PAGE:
Several weeks ago, I wrote that I needed additional smoke detectors in my home. I received quite a response from readers, and followed that with conversation with someone from Underwriters Laboratories for an upcoming feature on smoke detectors and alarms. But this week, I heard some sad news that I wanted to share.
Dale Leich, manager of specialty vehicles for ambulance manufacturer Excellance Inc., lost his 77-year-old mother in an overnight fire in her South Carolina home on July 27. According to the coroner, Marlene Leich died from carbon-monoxide poisoning due to smoke inhalation. The cause of the fire is still under investigation, but the house had functioning smoke alarms, and Mrs. Leich was obsessive about was unplugging electrical appliances that were not in use, according to her son.
Leich said that on the day before the fire, his mother received a FedEx shipment of promotional items from a company that conducts food demonstrations in grocery stores. One fire official, however, saw the boxes and assumed that Mrs. Leich was a "hoarder" — an opinion that he shared with the press. The Aiken Standard reported that firefighters had to dig “through piles of household items the woman hoarded inside her residence to get to her” when they couldn’t quickly open the front door. (The door was locked but not bolted, according to Leich).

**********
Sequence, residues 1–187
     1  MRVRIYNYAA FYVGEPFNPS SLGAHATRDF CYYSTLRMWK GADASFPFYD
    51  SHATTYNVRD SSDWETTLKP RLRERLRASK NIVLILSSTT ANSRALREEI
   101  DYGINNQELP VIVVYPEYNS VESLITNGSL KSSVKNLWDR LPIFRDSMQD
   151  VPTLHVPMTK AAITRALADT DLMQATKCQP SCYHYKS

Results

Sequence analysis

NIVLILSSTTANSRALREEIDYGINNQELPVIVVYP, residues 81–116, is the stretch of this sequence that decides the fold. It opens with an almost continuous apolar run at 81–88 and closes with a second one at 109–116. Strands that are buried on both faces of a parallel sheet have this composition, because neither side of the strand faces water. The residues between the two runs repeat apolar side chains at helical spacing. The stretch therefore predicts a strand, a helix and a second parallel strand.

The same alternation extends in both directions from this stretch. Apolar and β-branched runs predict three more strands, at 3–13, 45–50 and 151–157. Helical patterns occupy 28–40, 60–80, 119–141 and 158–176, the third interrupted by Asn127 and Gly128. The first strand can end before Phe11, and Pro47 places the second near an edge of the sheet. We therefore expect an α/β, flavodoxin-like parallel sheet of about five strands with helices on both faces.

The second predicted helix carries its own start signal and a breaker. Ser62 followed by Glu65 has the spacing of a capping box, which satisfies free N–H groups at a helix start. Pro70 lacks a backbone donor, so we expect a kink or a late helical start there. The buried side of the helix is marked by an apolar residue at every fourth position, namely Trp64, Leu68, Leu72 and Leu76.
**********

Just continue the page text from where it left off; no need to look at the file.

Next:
The accusation has offended Leich — himself a former firefighter —and his family. Based on smoke trails and marks on the walls, Leich believed the fire had been smoldering for some time. The open door caused a flashover, and the ceiling collapsed on the victim, who was lying on the couch.
I contacted Div. Chief Michael E. Cox Jr., the public-information officer for the Anne Arundel County (Md.) Fire Department, to ask what he thought of the "hoarding" comment.
“We would never, never report anything like that," he said, citing a recent response by his department to a medical call involving a morbidly obese individual who was a horder. "We have a responsibility to the victim, but we also have a responsibility to the family members and the community.”
Cox also said that firefighters need to be careful where and when they talk about an incident. With the prevalence of video cameras on smartphones, it’s too easy to capture what emergency personnel are saying and post it on the Internet.
Just last week a fire chief said to me: “I’d rather be a smart person with a dumb phone, than a dumb person with a smartphone.”
Perhaps its simply best to remember the old adage, "silence is golden."